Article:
There may be some genetic predisposition to this anxiety, but I'm afraid we have taught it to them as well. Friends of ours decided, when they first had children, that they would condition them to fall asleep with plenty of ambient noise. They didn't want to have to tiptoe around at bedtime for the next twenty years, and they didn't want their kids to be miserable when they grew up and had noisy neighbors. When they put them to bed, they always left the stereo on, or watched TV with the volume up high, and made no attempt to soften their voices in conversation. And it worked. Their offspring are now cheerful, well-rested adults who could find blissful slumber in an air-raid shelter.
We admired this strategy. We intended to implement it. But it got about as far as our plan for my wife to speak only Spanish to the boys so they would be bilingual. From the time they were babies, we were so desperate for a few hours of respite that we turned our house into a library with a nasty librarian. Or a chapel in which we silently prayed for sleep—theirs and then ours. Now they're in middle school and thanking us also for their inheritance of abnormally large sleep requirements. And we so badly want them to be well rested for school that we continue our unspoken "sterile cockpit" policy.
I have pleasant memories of parental sounds while I lay in bed as a child. The television from down the hall, just loud enough to make out laughter and the white noise of unintelligible conversation. Or music from my father's hi-fi in the living room, mixed with the soft rat-a-tat, like rain on a tin roof, of cards being shuffled and laid out for solitaire. For some reason I remember him playing an LP of early Moog-machine synthesized music, which I found soporific. I used to put on jazz at bedtime, hoping to create similarly fond memories for my boys, but they didn't like it, and we quickly reverted to silence and prayer.
So now, of course, our sons will always be comfortable going to bed in an abandoned aircraft hangar, but nowhere where human life is audible. And, even worse, I have managed to make them anxious about their own sleep. Nothing much—an angry snap here when one of them persisted in calling out for Mom; the odd "You won't be able to get up for school!" there; an occasional "Only seven and a half hours till you have to get up!"—but now they lie awake on school nights, worrying about lying awake.
They are doomed in college. Surely, every night after we tucked them in, Mileta and I should have smoked grass on the living-room floor while cranking the Dead and guffawing intermittently. You might think that Moog music might have given me something of a leg up, but the household sounds which once soothed me to sleep did little to prepare me for my sophomore-year dorm. The guys on my floor (and the girls from the floor below) were committed to having a good time, and though I got along well with them during the day, when I was trying to get some sleep before my nine a.m. physics class they were my tormentors.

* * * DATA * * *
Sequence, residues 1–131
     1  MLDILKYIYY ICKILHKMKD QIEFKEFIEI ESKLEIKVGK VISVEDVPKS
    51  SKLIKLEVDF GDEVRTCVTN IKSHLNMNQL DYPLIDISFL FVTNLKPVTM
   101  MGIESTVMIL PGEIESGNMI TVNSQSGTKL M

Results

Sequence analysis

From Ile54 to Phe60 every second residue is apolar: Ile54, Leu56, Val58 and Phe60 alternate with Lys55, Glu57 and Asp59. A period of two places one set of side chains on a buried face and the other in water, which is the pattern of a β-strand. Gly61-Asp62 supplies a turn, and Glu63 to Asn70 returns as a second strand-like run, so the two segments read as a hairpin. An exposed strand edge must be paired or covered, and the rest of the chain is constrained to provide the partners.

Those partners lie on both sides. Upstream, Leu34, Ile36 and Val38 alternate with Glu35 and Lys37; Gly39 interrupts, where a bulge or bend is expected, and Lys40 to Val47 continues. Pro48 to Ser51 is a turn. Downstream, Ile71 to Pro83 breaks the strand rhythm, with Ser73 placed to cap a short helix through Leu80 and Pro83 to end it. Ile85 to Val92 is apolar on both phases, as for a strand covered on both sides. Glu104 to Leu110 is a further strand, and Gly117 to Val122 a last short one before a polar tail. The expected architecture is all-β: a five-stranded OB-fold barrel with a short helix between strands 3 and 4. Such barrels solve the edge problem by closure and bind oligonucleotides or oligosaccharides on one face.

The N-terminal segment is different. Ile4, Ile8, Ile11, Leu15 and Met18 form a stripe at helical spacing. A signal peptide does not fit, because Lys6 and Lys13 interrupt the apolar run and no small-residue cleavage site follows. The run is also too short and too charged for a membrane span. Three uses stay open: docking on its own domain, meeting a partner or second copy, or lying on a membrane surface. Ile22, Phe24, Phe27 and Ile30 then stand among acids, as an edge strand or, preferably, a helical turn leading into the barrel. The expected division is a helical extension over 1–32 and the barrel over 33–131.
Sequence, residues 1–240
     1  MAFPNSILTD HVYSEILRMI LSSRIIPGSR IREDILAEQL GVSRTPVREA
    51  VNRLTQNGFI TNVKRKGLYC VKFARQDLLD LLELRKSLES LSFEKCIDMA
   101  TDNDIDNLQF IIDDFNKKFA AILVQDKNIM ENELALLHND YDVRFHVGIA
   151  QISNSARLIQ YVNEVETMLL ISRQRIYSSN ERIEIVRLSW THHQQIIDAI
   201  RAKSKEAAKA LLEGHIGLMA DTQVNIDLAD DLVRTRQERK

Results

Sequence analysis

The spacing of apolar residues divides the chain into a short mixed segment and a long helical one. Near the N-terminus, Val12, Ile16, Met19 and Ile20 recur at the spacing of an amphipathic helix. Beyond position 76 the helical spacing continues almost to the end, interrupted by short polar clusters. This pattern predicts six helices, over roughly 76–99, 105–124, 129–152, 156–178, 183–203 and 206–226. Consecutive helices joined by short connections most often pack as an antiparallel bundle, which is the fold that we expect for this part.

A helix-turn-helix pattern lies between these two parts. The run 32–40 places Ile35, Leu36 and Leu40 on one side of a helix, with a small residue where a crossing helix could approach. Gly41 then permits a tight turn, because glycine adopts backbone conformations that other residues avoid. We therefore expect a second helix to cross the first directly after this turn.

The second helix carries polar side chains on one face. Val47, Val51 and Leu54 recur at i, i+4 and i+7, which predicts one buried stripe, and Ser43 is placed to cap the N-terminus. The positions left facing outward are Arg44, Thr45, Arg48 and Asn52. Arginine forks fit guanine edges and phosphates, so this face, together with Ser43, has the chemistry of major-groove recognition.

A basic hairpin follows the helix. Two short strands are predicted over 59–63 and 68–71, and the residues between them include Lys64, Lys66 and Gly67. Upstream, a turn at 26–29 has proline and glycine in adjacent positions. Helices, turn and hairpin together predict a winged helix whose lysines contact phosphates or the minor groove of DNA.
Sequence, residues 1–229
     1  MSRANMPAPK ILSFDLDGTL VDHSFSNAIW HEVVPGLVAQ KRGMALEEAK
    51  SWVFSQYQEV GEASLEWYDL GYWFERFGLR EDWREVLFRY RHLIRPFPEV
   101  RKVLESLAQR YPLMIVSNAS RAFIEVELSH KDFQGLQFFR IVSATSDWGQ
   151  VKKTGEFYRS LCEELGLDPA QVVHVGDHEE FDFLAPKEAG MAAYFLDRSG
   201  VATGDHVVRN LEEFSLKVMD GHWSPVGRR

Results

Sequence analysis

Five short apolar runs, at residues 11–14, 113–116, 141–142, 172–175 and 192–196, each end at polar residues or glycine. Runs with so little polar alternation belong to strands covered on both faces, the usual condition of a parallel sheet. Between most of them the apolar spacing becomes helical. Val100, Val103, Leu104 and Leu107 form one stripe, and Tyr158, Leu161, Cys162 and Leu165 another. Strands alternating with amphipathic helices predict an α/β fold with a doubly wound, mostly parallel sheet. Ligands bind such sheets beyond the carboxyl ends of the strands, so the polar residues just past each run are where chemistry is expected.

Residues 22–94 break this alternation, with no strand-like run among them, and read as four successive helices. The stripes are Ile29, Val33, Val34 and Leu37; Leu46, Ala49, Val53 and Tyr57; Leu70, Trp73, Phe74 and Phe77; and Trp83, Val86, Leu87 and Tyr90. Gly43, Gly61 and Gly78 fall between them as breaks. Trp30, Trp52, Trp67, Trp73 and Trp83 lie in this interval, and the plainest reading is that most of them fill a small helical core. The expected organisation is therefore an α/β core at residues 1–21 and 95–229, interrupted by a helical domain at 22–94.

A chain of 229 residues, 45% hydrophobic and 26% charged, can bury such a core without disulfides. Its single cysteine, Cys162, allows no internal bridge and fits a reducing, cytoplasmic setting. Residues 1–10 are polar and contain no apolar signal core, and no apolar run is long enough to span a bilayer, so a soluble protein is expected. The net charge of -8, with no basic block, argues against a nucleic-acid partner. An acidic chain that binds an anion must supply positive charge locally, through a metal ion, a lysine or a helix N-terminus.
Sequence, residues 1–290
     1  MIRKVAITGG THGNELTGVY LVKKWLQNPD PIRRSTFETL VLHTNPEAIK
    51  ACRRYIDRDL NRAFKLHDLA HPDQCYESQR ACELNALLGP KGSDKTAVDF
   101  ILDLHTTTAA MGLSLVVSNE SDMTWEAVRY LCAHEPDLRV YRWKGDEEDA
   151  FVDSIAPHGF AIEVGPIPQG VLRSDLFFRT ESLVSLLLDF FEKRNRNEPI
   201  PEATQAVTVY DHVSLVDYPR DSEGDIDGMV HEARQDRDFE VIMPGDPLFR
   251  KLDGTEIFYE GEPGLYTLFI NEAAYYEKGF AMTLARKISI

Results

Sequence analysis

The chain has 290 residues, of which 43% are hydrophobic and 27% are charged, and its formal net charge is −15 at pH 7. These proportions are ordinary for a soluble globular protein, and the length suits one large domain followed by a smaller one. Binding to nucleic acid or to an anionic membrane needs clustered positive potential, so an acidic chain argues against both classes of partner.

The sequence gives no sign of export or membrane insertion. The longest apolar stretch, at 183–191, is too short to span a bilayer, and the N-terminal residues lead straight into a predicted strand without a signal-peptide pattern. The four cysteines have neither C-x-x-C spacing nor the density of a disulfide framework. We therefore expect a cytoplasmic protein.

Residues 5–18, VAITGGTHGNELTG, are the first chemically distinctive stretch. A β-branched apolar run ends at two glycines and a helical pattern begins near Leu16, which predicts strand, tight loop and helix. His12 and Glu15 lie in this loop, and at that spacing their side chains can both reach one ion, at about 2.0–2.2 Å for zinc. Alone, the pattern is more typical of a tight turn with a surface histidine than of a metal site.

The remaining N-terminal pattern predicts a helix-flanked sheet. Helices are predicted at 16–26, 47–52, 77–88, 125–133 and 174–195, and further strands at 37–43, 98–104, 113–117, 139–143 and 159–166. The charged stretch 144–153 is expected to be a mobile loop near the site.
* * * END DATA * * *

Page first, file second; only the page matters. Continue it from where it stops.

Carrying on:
They would sprawl on the hallway floor—in ostensible deference, I suppose, to some slumbering or studious roommate—beers in hand, erupting irregularly in unsuppressed laughter. I would lie in my narrow bed, miserable, knowing that I would not hear, much less process, a word from the professor's mouth in the morning, preoccupied as I'd be with the effort of keeping one eye open. Once I ventured out to the hallway, squinting at the fluorescent lights, and asked if they'd mind relocating to the empty, underused lounge. They laughed good-naturedly at my robe, said, "Oh, sure, no problem," and remained right where they were. After that, I'd stay in bed and stew, rather than risk a long-standing feud, and became more and more depressed as the year wore on.
And then one night it came to a crisis. Same situation: a Sunday night, midnight gone, the alarm symbol glowing on the digital clock—how early 8 a.m. seemed back then! The impromptu hallway party, the boy in bed unable to block their sounds with his pillow. The red electronic numbers metamorphosed: one o'clock, one-thirty, two. And then something happened. I had never read the aforementioned Hemingway letter:
No matter what time I go to sleep wake and hear the clock strike either one or two then lie wide awake and hear three, four and five. But since I have stopped giving a good goddamn about anything in the past it doesn't bother much and I just lie there and keep perfectly still and rest through it and you seem to get almost as much repose as though you slept.... If you can lie still and take it easy and just consider your life and everything else as an outsider and not give a damn—it is a hell of a help.
I had never read those words, but my unconscious figured it out all the same. All of a sudden I realized I didn't give a damn—I didn't mind that my dormmates were keeping me up. I lay still, staring up at the ceiling, and thought about my life and what I might make of it. I watched three o'clock form with veritable good cheer. Four o'clock came swiftly and without rancor—even with a calm sense of well-being. At some point my fun-loving colleagues had vacated the hall and, presumably, were snoring away in their own rooms; I bore them no ill will. Perhaps I would join them out there sometime. Tonight I had outlasted them all. I felt at peace with my insomnia, happily embracing the enemy. No babies or middle-schoolers to worry about yet, and that "far more thorough and still more risible disintegration" so distant that surely it would never come, I contentedly awaited the first light that would angle past the blinds; and when at last it came, I slept.
And my boys, poor boys, will have to find their own epiphanies.